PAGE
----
OC Federal Judge, a Bush Appointee, Declares CA Death Penalty Unconstitutional

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Judge Cormac Carney, 2003 appointee of President George W. Bush, ruled today (warning, 29-page PDF) that California’s death penalty is an unconstitutional violation of the 8th Amendment because the system administering it is dysfunctional and arbitrary.  The office of Attorney General Kamala Harris is reviewing the ruling, which may be appealed to the Ninth Circuit Court of Appeals.

Caryl Chessman

Couldn’t find a photo of the Ernest Dewayne Jones, so here’s a photo of famous executed California Caryl Chessman, adapted from this page: http://latimesblogs.latimes.com/thedailymirror/2007/10/mystery-photo-s.html

NBC San Diego fills in some of the details:

Carney’s ruling stems from a 1995 case of Ernest Dewayne Jones who sued Kevin Chappell, the warden of the California State Prison at San Quentin. Jones was sentenced to death for the 1992 rape and killing of Julia Miller, 10 months after being paroled for a previous rape. Jones remains on Death Row, still awaiting his execution nearly 20 years after his sentence.

Of the 900 people sentenced to death for their crimes since 1978, when the current death penalty system was adopted by California voters, only 13 have been executed so far.

For the random few for whom execution becomes a reality, Carney said they will go on to languish for so long on death row that “their execution will serve no retributive or deterrent purpose and will be arbitrary.”

To exist at all, the death penalty must be justified by at least one legitimate penological purpose, such as the aforementioned retribution or deterrence.  It must also be carried out with respect to constitutional rights including due process and equal protection.  The delays in the current system, largely caused by the latter considerations, mean that it no longer serves a legitimate purpose.  It is, in effect, a crapshoot, where

… arbitrary factors, rather than legitimate ones like the nature of the crime or the date of the death sentence, determines whether an individual will actually be executed.

With the death penalty being promised but not being carried out, Carney wrote that when an individual is condemned to death in California, the “promise made to citizens, jurors, victims and their loved ones and to the hundreds of individuals on death row” becomes “an empty one” and thus lacks “penological purpose.”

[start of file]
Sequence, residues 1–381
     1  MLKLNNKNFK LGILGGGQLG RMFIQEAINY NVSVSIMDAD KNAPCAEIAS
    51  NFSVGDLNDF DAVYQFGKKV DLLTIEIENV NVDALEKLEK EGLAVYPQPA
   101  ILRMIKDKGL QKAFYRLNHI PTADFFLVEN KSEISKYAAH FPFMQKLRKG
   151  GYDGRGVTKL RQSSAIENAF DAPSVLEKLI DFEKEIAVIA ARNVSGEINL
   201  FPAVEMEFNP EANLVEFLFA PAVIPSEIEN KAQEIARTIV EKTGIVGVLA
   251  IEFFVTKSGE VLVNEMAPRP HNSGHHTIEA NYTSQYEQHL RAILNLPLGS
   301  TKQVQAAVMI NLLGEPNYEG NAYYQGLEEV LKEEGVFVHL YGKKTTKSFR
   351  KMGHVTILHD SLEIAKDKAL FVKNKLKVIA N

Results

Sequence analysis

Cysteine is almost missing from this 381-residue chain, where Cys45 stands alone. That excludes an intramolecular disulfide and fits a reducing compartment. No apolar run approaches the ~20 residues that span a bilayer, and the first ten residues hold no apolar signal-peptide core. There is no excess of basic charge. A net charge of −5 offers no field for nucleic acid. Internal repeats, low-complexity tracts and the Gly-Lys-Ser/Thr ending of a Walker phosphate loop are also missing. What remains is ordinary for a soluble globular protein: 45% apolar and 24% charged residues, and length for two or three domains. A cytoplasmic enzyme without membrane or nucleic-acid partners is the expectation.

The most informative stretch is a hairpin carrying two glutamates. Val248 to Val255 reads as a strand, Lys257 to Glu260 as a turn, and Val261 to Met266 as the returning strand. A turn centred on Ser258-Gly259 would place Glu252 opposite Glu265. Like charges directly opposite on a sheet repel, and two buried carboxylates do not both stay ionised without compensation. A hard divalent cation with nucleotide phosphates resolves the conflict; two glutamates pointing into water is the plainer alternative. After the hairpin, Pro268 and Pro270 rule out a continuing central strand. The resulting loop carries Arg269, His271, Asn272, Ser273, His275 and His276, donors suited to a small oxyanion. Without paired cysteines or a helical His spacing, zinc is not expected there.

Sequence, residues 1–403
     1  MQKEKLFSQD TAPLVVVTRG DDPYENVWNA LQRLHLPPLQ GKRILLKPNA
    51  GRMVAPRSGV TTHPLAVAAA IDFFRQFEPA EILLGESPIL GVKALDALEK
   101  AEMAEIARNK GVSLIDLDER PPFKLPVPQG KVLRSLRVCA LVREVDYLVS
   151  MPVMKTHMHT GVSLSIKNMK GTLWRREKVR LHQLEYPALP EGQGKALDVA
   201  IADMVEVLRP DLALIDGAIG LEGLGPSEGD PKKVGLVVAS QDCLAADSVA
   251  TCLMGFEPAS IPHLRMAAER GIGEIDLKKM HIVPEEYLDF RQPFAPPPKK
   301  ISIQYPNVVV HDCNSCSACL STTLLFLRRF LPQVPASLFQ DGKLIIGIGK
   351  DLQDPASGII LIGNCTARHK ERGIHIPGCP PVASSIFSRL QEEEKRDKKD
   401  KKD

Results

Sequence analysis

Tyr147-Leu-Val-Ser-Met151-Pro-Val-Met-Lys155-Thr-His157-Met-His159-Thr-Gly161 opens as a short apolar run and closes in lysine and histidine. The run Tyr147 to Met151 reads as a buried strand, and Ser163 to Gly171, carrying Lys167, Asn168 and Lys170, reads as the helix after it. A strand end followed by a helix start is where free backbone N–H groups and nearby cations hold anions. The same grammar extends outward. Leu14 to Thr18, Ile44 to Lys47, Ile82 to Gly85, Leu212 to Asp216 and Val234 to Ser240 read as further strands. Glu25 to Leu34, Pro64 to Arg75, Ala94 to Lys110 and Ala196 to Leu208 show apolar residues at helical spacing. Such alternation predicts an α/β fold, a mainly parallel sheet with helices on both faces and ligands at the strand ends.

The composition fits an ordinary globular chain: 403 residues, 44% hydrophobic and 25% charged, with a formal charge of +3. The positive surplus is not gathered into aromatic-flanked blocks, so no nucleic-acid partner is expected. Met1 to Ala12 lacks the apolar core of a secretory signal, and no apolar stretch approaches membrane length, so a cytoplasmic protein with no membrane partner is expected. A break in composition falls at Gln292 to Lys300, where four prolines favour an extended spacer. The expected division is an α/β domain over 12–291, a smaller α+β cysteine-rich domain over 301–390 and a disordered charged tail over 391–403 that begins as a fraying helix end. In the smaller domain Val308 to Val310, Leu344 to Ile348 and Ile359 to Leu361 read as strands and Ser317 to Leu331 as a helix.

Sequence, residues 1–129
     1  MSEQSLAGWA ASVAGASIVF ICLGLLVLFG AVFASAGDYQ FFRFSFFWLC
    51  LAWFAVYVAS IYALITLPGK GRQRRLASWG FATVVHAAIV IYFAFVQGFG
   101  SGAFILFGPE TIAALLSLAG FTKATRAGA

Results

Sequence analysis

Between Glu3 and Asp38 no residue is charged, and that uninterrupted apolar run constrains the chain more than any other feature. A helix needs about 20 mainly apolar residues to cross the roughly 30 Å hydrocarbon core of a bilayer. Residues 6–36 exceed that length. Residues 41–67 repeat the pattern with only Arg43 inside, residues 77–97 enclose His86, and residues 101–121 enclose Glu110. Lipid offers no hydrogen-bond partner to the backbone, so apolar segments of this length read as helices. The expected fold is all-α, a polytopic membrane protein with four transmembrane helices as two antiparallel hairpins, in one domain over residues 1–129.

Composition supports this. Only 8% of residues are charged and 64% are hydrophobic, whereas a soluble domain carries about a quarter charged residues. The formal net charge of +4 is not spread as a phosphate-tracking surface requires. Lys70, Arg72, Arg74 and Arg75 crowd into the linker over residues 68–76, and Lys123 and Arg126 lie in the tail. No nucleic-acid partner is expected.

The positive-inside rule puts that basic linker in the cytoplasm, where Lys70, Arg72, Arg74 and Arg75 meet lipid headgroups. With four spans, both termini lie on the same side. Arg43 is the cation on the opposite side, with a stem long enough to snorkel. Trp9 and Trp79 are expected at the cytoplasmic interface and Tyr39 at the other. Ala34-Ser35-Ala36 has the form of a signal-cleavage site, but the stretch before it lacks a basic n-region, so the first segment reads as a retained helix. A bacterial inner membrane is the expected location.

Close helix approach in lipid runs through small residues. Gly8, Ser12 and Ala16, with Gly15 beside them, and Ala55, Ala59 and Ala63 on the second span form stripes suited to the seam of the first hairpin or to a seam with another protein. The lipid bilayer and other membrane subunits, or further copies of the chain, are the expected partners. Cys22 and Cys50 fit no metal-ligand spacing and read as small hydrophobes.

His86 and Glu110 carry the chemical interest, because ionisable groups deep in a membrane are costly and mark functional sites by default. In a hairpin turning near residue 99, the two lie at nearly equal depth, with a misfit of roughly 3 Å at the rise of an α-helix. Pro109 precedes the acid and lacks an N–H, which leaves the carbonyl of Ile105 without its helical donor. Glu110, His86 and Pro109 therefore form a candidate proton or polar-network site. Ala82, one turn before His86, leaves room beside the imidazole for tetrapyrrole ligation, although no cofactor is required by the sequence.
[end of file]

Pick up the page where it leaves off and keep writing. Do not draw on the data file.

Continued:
Supporters of the death penalty have argued that we should just loosen the constitutional protections that prevent speedy executions.  The problem is that those protections exist for a reason, as numerous cases of executing or almost executing innocent people attest, and may render capital punishment, even if it’s a good idea, as one that cannot work in practice.

About Greg Diamond

Somewhat verbose worker's rights and government accountability attorney, residing in northwest Brea. General Counsel of CATER, the Coalition of Anaheim Taxpayers for Economic Responsibility, a non-partisan group of people sick of local corruption. Deposed as Northern Vice Chair of DPOC in April 2014 when his anti-corruption and pro-consumer work in Anaheim infuriated the Building Trades and Teamsters in spring 2014, who then worked with the lawless and power-mad DPOC Chair to eliminate his internal oversight. Occasionally runs for office to challenge some nasty incumbent who would otherwise run unopposed. (Someday he might pick a fight with the intent to win rather than just dent someone. You'll know it when you see it.) He got 45% of the vote against Bob Huff for State Senate in 2012 and in 2014 became the first attorney to challenge OCDA Tony Rackauckas since 2002. None of his pre-putsch writings ever spoke for the Democratic Party at the local, county, state, national, or galactic level, nor do they now. A family member co-owns a business offering campaign treasurer services to Democratic candidates and the odd independent. He is very proud of her. He doesn't directly profit from her work and it doesn't affect his coverage. (He does not always favor her clients, though she might hesitate to take one that he truly hated.) He does advise some local campaigns informally and (so far) without compensation. (If that last bit changes, he will declare the interest.)